As an explanation for the results, the investigators noted that short sleep duration has been associated with a higher incidence of overweight, obesity, and hypertension, along with higher levels of blood pressure, total cholesterol, hemoglobin A, and triglycerides, effects which are “consistent with the hypothesis that short sleep duration is directly associated with CVD risk.”

The importance of sufficient sleep “should now be mentioned as an additional way to reduce the risk of cardiovascular disease,” Verschuren said in a statement. ” It is always important to confirm results, but the evidence is certainly growing that sleep should be added to our list of CVD risk factors.”

An earlier study from this group of researchers found that those who slept less than 7 hours and got up each morning not fully rested had a 63% higher risk of CVD than those sleeping sufficiently — although those who woke rested, even from less than 7 hours of sleep, did not have the increased risk (Sleep 2011; 34: 1487-1489).

A limitation of the current study includes the inability to know how or if depressive symptoms, sleep apnea, or psychological stress impacted the risk of CVD. Also, the potential for CVD to be misclassified “may have attenuated” the results, researchers said.

The Monitoring Project on Risk Factors for Chronic Diseases (MORGEN study) is supported by the Ministry of Health, Welfare and Sport for the Netherlands and the National Institute for Public Health and the Environment.



The authors declared no conflicts of interest.

Primary source: European Journal of Preventive Cardiology
Source reference:
Verschuren MWM, et al “Sufficient sleep duration contributes to lower cardiovascular disease risk in addition to four traditional lifestyle factors: the MORGEN study” Eur J Prev Cardiol2013; DOI: 10.1177/2047487313493057.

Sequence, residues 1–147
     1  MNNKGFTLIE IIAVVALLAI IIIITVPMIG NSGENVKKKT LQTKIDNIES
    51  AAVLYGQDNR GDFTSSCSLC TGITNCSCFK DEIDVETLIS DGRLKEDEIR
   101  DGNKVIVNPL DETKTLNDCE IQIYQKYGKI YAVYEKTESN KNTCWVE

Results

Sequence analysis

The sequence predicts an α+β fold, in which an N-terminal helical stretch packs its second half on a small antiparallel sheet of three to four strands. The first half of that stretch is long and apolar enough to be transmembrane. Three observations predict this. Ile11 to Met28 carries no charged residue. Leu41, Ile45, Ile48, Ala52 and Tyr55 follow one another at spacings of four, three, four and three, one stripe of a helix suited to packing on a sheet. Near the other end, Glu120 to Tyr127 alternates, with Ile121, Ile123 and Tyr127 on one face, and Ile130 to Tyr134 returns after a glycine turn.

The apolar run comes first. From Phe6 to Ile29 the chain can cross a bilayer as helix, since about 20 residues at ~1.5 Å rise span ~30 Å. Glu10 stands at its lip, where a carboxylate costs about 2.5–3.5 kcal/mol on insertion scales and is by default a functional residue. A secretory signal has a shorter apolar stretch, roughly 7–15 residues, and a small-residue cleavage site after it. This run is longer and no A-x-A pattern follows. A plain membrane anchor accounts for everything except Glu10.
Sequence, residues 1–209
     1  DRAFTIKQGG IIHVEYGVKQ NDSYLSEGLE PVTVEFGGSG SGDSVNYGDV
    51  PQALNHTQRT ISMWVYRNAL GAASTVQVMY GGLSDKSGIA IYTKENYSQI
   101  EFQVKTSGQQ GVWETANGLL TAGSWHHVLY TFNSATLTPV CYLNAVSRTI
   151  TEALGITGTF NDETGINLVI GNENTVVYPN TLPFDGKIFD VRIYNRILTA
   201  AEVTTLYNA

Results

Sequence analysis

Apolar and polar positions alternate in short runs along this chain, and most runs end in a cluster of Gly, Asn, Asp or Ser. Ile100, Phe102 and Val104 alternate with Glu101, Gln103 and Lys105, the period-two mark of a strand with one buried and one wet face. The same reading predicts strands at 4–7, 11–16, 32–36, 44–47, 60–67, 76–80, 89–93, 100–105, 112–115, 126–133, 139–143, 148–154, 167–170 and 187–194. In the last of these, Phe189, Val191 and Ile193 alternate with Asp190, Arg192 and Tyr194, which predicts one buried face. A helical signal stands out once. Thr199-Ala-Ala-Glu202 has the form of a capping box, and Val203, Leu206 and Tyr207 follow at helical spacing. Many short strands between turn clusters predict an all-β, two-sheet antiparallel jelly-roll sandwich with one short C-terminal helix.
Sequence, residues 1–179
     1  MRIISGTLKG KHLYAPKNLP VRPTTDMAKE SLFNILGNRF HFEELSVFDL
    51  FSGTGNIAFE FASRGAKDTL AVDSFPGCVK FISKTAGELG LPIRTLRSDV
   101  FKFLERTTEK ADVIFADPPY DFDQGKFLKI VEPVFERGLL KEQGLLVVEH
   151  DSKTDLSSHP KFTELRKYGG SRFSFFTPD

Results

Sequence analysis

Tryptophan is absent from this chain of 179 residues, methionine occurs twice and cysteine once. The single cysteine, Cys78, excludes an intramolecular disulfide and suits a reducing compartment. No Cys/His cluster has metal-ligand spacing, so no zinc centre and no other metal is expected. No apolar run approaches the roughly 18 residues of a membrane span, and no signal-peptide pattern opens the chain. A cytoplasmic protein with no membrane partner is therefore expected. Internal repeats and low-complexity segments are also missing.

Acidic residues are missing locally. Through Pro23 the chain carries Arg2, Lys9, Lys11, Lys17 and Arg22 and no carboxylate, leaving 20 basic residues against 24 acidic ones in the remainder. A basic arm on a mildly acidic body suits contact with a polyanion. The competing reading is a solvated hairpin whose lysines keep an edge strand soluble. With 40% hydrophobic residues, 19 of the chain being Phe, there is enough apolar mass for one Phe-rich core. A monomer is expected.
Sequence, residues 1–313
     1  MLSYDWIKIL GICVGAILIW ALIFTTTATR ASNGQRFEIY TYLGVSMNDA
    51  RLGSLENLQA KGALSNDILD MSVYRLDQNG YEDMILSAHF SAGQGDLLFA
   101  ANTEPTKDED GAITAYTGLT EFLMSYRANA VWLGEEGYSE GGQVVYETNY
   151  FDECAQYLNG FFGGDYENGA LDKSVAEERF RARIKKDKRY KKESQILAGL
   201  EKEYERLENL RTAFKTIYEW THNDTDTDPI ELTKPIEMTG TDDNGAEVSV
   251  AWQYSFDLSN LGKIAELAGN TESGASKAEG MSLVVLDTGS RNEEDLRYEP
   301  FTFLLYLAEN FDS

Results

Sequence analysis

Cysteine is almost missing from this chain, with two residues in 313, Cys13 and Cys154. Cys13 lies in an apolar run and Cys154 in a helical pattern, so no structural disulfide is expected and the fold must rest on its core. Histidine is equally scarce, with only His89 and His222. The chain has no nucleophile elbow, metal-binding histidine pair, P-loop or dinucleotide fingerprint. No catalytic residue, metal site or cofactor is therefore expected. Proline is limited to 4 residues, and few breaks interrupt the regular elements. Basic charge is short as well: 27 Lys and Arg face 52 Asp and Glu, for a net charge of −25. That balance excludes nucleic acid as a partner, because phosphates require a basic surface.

Risk-Based Monitoring Videos From Applied Clinical Trials Are Going Viral


Target Health is pleased to share the video clips below which were recorded at the year’s DIA meeting and produced as part of the Applied Clinical Trials Risk-Based Network. Please share.


Target Health will again be presenting and sponsoring the CBINET Conference on “Risk-Based Monitoring in Clinical Studies, being held in Philadelphia on October 24 and 25. This meeting for sure will be a very productive experience for all.


Video Clips


Video 1

What are your views on risk-based monitoring?


Video 2

What is different now about risk-based monitoring vs. what companies may have been doing more innovatively about monitoring in the past?



YouTube Posting


For more information about Target Health contact Warren Pearlson (212-681-2100 ext. 104). For additional information about software tools for paperless clinical trials, please also feel free to contact Dr. Jules T. Mitchel or Ms. Joyce Hays. The Target Health software tools are designed to partner with both CROs and Sponsors. Please visit the Target Health Website.